The Achilles tendon is a common injury site for distance runners. Is there a greater risk of injury when running uphill or downhill?
Not according to a new study by researchers at Brigham Young University (BYU) in the United States.
Former BYU track star Katy Andrews Neves and exercise science professors Bill Myrer, Wayne Johnson and Iain Hunter found that the Achilles tendon is capable of adapting to uphill and downhill running better than previously believed.
The study involved 20 female runners who were asked to run for 10 minutes on each of three randomly ordered grades (-6%, 0 and +6%) on an instrumented treadmill. Each run was completed on a different day, with at least 48 hours between each round.
Knowing that the Achilles becomes more pliant and thinner from exercise, the researchers used Doppler ultrasound imaging to examine the thickness and stretch on Achilles tendons before and after each trial. Ten high-speed cameras recorded the motion of the runners, collecting data from 16 reflective markers placed on their lower extremities, the university reported.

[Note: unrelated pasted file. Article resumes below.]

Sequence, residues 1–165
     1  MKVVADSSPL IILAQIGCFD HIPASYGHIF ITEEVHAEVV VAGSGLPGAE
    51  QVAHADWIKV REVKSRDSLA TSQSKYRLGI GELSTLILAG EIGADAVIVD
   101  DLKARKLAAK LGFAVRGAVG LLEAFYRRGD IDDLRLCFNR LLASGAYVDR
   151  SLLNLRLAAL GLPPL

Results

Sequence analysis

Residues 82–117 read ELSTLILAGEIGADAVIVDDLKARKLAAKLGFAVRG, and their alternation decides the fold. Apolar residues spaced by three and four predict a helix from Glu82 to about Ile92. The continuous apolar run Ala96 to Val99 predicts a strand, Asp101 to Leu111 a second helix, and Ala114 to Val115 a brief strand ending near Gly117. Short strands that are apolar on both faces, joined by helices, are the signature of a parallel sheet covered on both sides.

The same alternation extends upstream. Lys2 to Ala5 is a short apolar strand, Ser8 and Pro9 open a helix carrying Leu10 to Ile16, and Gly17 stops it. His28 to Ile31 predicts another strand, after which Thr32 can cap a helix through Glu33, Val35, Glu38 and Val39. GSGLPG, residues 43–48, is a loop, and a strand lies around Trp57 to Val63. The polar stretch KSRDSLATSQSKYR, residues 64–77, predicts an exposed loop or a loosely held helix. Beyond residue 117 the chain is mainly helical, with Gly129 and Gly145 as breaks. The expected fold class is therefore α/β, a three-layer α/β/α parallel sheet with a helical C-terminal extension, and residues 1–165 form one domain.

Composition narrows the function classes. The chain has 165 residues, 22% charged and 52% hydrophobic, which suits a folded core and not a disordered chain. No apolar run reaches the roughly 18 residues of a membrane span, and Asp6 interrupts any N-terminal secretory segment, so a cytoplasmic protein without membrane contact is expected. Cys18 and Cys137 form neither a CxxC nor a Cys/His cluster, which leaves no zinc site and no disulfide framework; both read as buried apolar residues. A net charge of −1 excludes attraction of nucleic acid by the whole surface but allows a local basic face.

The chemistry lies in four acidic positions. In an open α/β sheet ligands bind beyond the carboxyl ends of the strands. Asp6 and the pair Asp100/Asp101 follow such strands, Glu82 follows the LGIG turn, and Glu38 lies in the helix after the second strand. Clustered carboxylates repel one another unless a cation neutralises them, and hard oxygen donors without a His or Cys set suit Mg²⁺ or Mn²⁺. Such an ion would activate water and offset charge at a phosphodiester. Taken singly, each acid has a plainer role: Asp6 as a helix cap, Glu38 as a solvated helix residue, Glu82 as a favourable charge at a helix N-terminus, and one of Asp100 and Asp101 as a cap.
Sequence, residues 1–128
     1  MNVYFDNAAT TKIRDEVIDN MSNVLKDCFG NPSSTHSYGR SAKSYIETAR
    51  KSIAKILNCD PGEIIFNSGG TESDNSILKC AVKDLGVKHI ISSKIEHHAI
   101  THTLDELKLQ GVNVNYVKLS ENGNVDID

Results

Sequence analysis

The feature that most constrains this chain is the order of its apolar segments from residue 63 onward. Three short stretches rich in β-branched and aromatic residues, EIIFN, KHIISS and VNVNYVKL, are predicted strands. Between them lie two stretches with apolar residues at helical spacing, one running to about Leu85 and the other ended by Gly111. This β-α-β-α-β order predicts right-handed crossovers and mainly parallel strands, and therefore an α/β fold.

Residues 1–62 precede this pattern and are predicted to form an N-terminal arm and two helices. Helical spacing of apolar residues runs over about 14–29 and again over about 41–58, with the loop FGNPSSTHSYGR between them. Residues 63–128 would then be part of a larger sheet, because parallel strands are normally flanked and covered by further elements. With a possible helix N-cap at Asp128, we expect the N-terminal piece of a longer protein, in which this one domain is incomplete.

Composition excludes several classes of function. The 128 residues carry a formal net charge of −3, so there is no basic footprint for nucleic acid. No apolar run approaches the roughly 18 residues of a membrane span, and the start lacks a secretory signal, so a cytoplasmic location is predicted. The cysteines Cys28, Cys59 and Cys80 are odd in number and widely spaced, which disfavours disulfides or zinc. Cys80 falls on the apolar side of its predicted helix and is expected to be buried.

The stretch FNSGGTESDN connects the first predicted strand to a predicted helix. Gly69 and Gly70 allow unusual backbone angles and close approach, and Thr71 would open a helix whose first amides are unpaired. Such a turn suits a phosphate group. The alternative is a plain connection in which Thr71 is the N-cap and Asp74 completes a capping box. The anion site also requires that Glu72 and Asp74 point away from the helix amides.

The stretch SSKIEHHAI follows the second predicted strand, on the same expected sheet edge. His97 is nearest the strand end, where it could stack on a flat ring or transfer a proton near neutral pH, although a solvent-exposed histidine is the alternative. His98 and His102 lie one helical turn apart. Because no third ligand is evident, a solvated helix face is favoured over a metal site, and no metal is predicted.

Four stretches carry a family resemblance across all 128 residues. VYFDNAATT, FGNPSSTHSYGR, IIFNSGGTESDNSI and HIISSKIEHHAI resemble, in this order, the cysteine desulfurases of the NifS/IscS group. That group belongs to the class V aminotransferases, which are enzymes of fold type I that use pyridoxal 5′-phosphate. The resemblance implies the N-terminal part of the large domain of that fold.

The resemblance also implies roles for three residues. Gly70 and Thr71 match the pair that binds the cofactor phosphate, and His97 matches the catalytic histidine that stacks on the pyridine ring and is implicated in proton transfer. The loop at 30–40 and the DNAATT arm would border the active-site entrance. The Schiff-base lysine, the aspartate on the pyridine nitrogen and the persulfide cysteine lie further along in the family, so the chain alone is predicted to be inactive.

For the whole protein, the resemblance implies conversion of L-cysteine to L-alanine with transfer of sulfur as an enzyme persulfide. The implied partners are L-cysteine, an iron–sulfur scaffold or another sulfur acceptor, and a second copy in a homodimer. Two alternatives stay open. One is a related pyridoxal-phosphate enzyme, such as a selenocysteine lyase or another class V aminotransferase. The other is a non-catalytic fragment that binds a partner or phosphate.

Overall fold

The results, published in the Journal of Sports Science and Medicine, showed that although downhill running resulted in the largest peak force on the runners, there were no significant differences in Achilles tendon thickness changes between running grades. This means that there is no increased risk for Achilles injury when running up or downhill – as long as runners transition slowly to downhill running in order to adapt to the greater forces.
“Over time, runners adapt to the forces placed on their body, so even when the forces are higher (running downhill), if the adaptation process is gradual, the injury risk drops,” Neves explained. “Our bodies are amazing and are very good at adapting to the conditions we put them in.”